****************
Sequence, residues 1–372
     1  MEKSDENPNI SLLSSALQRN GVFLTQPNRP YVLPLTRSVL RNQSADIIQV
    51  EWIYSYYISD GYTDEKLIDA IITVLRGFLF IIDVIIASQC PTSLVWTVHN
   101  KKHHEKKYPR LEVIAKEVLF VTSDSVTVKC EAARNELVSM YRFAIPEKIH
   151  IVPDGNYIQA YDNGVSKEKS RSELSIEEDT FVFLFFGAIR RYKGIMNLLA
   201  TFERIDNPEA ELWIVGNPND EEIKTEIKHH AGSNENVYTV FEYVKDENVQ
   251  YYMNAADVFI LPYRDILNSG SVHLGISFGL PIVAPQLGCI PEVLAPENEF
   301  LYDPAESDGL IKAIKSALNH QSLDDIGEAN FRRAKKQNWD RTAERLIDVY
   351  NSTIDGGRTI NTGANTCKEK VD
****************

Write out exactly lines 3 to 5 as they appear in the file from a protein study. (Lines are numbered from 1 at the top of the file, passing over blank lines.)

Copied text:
    51  EWIYSYYISD GYTDEKLIDA IITVLRGFLF IIDVIIASQC PTSLVWTVHN
   101  KKHHEKKYPR LEVIAKEVLF VTSDSVTVKC EAARNELVSM YRFAIPEKIH
   151  IVPDGNYIQA YDNGVSKEKS RSELSIEEDT FVFLFFGAIR RYKGIMNLLA